Unpaid Internship: Boon or Bane for Students?
Mon, April 19, 2021

Unpaid Internship: Boon or Bane for Students?

Unpaid internships are work experiences that are unpaid and temporary but enable an individual to participate in a professional work environment. / Photo by: Katarzyna Białasiewicz via 123rf


Internships are something that almost all college students look forward to because this is a great opportunity for them to experience what it’s like to be in the workforce. For some, it is even a chance to start their career. Thus, many students would do anything to get the internship that they want, even if it means working for free. 

Unpaid internships are work experiences that are unpaid and temporary but enable an individual to participate and observe in a professional work environment. These are commonly offered to students who are just setting out in their careers to teach them about a particular industry they may be interested to join after graduation. For so long, unpaid internships served as an opportunity for students to build the foundation for their careers at the same time, for them to experience what it’s like to work with professional people.

However, unpaid internships have become controversial for the past years. Some think that these internships are a means for companies to exploit free labor, taking advantage of eager young workers who want to get on the career ladder without adding to their fixed cost. They insist that the programs they offer to these students will provide valuable experience. It was reported that in the US alone, about half of the 1.5 million internships available in the country each year were unpaid as of 2016.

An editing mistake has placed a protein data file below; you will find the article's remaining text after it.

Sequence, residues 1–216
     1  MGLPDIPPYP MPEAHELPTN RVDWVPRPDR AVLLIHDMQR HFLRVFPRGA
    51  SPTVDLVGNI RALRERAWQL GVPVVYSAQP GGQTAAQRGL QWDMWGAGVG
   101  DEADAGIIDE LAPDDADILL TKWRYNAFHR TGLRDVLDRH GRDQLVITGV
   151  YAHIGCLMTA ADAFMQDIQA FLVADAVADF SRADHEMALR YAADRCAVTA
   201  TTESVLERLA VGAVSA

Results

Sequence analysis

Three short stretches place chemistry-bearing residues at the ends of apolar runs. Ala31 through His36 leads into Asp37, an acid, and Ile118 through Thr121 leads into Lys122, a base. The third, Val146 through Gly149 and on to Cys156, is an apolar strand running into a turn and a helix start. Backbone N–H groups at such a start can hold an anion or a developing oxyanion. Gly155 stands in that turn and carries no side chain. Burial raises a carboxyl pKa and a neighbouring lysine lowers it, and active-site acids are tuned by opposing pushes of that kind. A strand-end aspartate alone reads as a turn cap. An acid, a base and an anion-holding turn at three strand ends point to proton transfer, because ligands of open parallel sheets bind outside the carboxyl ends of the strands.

Are Unpaid Internships Legal?

Recently, calls have been made in Ireland to stop making use of unpaid interns after reports emerged showing that the government itself has been operating unpaid internships within the past five years. The Journal.ie, an internet publication with a mixture of original and aggregated content in Ireland, reported that 9 out of 17 government departments have confirmed they are either using or have used unpaid interns since August 2014. 

Josepha Madigan, minister for Culture, Heritage, and the Gaeltacht, stated that 17 students had worked as unpaid interns in the department since 2015. This also includes three unpaid interns this year that were “to honor a prior commitment made in good faith.” Apparently, internships are part of those who will gain national minimum wage rates. Richard Grogan, a solicitor specializing in employment law, stated that any intern is entitled to be paid under the law.

“If any government department is getting an unpaid intern to do this kind of work, it would be reprehensible and would represent an egregious breach of legislation and standards that they are meant to uphold,” he said.

However, this is not the case in many countries. For instance, the Fair Labor Standards Act of 1938 of the US states that any employee of a for-profit company must be paid for their work. Unfortunately, interns are not considered employees. Thus, many students have accepted the fact that internships are not selling their labor for zero wages. Instead, it's buying work experience for the price of their labor. 

Legal unpaid internships exist not only in the US but also in several countries across the world. This means thousands of students worldwide are being exploited for the future career they want.